This is not really a concert. It can be best described as a "Musical Happening" --------- one of these events categorized as "Performance Art" ------------ an Orwellian terminology for public vulgarity that is neither a performance, nor art. But I am getting ahead of myself. It is the BPO. It is Sir Simon who Rattles. It is Yefim Bronfman who owns the largest fists on the planet, bigger even than those of ex-World Heavyweight Boxing Champion, Primo Carnera. It is also The Rite of Spring, and Rachmaninov's 3rd Piano Concerto that could be aptly titled Hurricane for Piano and Orchestra, but in fact was played in suburban open-air Berlin as Concerto for Piano, Orchestra, and Hurricane where the Berliners clearly demonstrated that when rain comes to wind, they can muster many more umbrellas than Jacques Demy's citizens of Cherbourg.
It was a crazy night, and it is captured superbly for all time with wonderful sound and stunning cinematography. The stage stands in a sea of humanity that rises in front of it and travels backwards to a horizon that changes colour as light, darkness, and the elements all have their chance to wield their paint brushes on its broad canvass. It is a world apart, the world of action where everything happens, where each individual owns his personal destiny, where notes get played and might get fluffed, but miraculously never do. The world around it is the world of passive victimhood, whose inhabitants can receive but can never give, except applause, token of their appreciation. The concert began with a couple of Nuts from Tchaikovsky's Cracker, crunchy but pretty modest fare from an ensemble of this potential. The boxing match that followed was dramatic ---- action-packed, full of tension, at times one-sided. In the first two rounds, Rattle clearly had Bronfman on the ropes where only the bell saved him from an ignominious KO. But in the last round he got his second wind, came out of his corner with both fists flailing, and almost put Rattle's silver scalp on the deck for good and all. But the latter ducked and weaved his way to the end of time-up when the spectators were provided with a complimentary cold shower by the management. It was a memorable contest, with honours all round. I recall a statement in the movie SHINE that declares Rachmaninov's 3rd to be the most difficult work for the piano ever written, and it provided a contest of World Champonship quality.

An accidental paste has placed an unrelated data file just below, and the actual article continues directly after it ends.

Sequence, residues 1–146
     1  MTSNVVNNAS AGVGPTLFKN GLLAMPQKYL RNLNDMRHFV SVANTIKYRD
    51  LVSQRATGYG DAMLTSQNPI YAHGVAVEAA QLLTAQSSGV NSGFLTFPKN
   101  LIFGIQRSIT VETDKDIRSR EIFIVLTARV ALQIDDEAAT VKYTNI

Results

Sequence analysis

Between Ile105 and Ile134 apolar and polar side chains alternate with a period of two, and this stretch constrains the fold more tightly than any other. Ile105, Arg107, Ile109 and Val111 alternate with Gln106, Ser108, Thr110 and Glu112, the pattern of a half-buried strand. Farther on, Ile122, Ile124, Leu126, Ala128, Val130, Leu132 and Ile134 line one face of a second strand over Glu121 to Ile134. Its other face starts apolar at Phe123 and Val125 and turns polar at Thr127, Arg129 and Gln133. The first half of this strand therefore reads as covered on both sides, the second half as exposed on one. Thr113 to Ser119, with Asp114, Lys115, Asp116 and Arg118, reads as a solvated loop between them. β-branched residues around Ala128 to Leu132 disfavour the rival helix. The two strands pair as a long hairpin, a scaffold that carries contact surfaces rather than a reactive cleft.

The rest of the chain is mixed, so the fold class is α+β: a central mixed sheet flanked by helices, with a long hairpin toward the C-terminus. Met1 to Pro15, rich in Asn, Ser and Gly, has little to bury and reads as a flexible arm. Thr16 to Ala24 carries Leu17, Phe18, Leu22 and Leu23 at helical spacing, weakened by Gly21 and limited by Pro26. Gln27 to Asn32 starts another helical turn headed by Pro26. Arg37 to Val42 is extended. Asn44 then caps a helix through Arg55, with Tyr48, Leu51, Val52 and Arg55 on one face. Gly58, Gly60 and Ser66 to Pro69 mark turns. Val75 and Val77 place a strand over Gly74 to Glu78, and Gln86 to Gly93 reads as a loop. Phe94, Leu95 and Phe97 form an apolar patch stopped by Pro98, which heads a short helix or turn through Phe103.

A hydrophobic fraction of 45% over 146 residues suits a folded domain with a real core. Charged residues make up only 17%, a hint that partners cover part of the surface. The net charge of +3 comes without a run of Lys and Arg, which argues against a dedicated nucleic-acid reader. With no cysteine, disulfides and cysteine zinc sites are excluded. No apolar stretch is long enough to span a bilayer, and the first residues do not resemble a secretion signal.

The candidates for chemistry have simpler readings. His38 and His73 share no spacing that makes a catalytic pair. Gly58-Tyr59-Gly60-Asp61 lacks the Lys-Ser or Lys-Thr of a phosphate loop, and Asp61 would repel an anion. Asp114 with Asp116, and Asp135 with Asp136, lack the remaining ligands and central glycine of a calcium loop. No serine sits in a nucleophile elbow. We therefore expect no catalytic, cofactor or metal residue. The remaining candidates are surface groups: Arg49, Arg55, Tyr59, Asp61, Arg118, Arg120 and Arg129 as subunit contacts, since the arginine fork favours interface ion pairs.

I don't know whether to call the second half of this HAPPENING "The Rite of Spring" or "The Brollys of Berlin". There was plenty of both, the first in sound, the second in sight. Let me just say that for all the distractions and diversions, Rattle and his brigade were able to keep their cool and concentration, going on to deliver a memorable performance encapsulating every nuance of this difficult work in all its colour and clarity. It was as extrovert and as unashamedly exhibitionistic as you can get in the realm of music, magnified many-fold because of the setting and the impression of infinite space that it provided. The orchestra played like possessed. I have never seen Sir Simon rattle his baton to such supremely musical effect. All were wreathed in smiles in the protective cocoon of the auditorium as they gazed out at the plebians who no longer had any dry grass to sit on. They were enjoying themselves enormously, not just because of their own good fortune, but because they were clearly infatuated with what they were playing. A stellar performance, brilliantly captures for posterity, with imaginative filming and unsurpassed sound quality. At the end, the sodden audience screamed for more and they got more: two encores in the 2nd of which they joined in and turned the event into a Berliner "Last Night at the Proms" or a Wiener "New Years' Eve Concert" under the stars. Utterly memorable. I repeat, not a Concert. A Happening.